Rural counties in the state also tend to be run pragmatically, and have more authority and responsibility than county governments in many states, Partridge said.
Partridge thinks it’s unlikely rural Ohio will lose much political power when the redistricting process starts.
“I would say imperceptible,” he said.
Both Ohio and Pennsylvania have lost significant numbers of congressional seats over the past several decades, with Pennsylvania dropping from 36 seats in 1920 to 17 this year, and Ohio from 24 in the 1960s to 15 now.
But this still leaves Pennsylvania in the top five states for electoral college votes, according to a brief from the Pennsylvania Population Network, part of the Population Research Institute at Penn State University. And far as overall political pull, a one seat difference isn’t likely to be a major change, Partridge said.
Ohio could, however, begin to lose its status as a swing state, if it continues to trend more Republican.
“If it looks like Republicans win Ohio regardless, then it’s not a swing state anymore,” he said.
Since Ohio currently trends Republican, the state’s power will more likely depend on what political party is leading at the national level, Partridge explained.
If Republicans are leading in Washington, Republican Ohio representatives are more likely to lead on key committees. If Ohio continues to elect fewer Democratic representatives, it is less likely to have representatives in those positions when Democrats lead in Washington.
In addition to losing some influence on national policy, West Virginia could see a little bit less funding for things like education and infrastructure, since a lot of federal funding is based on census data on population, O’Leary said.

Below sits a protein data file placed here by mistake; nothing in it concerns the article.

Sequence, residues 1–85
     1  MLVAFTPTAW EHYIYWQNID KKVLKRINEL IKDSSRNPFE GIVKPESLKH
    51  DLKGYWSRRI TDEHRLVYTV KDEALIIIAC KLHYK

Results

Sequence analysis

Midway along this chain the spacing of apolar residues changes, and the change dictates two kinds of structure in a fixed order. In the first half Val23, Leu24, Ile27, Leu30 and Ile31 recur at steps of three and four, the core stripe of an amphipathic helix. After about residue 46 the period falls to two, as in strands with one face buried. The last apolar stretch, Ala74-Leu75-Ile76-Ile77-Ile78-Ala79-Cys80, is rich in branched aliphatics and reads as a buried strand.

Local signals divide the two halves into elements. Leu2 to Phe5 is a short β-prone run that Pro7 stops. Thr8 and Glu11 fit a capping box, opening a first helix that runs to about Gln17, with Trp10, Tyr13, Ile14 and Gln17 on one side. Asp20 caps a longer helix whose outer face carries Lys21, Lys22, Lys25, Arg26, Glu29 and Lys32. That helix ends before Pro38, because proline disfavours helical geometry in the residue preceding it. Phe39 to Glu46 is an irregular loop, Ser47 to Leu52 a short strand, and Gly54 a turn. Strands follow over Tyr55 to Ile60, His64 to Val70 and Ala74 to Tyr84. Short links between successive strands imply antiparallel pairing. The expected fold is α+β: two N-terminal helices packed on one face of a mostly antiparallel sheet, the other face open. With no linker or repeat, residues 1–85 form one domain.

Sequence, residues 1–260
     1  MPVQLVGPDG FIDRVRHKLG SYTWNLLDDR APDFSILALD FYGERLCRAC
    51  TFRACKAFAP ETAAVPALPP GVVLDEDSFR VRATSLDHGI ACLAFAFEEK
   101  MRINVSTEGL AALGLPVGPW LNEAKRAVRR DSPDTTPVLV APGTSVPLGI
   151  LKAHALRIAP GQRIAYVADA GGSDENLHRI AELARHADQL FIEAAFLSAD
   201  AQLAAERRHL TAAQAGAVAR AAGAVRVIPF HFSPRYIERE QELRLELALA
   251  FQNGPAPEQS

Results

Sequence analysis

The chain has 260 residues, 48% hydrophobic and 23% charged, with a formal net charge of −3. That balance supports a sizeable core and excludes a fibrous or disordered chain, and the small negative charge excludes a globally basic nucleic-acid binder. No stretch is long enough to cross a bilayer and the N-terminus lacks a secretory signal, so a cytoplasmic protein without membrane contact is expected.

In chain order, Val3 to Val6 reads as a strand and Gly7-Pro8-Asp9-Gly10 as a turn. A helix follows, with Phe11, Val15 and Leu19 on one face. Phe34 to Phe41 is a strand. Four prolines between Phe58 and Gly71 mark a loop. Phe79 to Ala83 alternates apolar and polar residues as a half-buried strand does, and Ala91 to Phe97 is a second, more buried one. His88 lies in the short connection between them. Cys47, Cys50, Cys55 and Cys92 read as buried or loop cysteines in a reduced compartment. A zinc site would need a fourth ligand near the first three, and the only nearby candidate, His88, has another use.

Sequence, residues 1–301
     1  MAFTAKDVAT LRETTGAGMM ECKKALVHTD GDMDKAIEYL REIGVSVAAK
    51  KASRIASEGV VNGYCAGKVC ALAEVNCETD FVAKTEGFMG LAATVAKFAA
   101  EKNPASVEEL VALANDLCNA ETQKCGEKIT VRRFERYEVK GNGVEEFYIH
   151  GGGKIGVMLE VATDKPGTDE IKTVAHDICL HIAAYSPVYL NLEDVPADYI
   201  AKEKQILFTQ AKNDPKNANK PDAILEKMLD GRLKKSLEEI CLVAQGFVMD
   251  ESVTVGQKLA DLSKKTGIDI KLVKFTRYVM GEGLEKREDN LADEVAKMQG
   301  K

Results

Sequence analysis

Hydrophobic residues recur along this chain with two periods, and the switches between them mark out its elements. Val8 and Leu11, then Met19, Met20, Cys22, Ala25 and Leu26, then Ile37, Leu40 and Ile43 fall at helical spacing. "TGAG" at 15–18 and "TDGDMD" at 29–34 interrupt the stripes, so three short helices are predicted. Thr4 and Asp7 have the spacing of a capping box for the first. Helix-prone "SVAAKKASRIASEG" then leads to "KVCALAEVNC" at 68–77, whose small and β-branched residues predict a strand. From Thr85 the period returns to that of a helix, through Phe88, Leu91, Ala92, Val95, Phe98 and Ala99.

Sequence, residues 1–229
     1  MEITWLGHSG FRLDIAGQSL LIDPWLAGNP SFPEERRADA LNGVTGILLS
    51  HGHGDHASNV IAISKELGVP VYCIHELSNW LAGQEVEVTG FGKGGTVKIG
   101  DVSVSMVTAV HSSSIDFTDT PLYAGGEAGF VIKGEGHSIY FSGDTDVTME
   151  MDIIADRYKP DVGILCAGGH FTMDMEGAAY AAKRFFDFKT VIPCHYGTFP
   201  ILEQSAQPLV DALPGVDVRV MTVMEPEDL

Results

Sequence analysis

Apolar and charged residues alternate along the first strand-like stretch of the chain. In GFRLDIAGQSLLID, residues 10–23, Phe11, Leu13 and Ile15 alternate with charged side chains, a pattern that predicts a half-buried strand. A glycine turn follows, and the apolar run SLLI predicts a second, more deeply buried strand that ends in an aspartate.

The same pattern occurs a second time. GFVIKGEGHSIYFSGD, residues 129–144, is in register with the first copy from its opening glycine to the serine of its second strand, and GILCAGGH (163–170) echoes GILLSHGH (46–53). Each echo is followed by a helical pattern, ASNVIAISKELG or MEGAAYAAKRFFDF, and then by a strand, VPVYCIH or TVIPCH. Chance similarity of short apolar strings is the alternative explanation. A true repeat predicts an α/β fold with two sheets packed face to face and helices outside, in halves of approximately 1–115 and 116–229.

Losing population makes it harder to grow the economy. The state doesn’t add jobs or increase wages, and industries and companies are less likely to come into the state. Public schools and colleges have fewer students, and the state ends up with fewer college graduates.
“One of the easiest ways to grow the economy is to have more people,” O’Leary said.
Policies that improve health, education levels and overall wellbeing could help reverse that trend, he said. If further data shows that people are having less children in the state because of challenges with raising children and working, creating policies on sick days, paid leave and flexible work could also help.
More detailed census data is expected in the coming weeks and months, and will allow states to begin the redistricting process.
That data, O’Leary said, might also reveal more about why the state has such low birth rates and high death rates — for example, if many of the people moving into the state are older, and many of the people leaving are younger, that could explain the population decline.
“We’ll be able to get demographic information,” he said. “Who are the people who are moving to West Virginia? Who are the people who are leaving? … Right now, we don’t have the details.”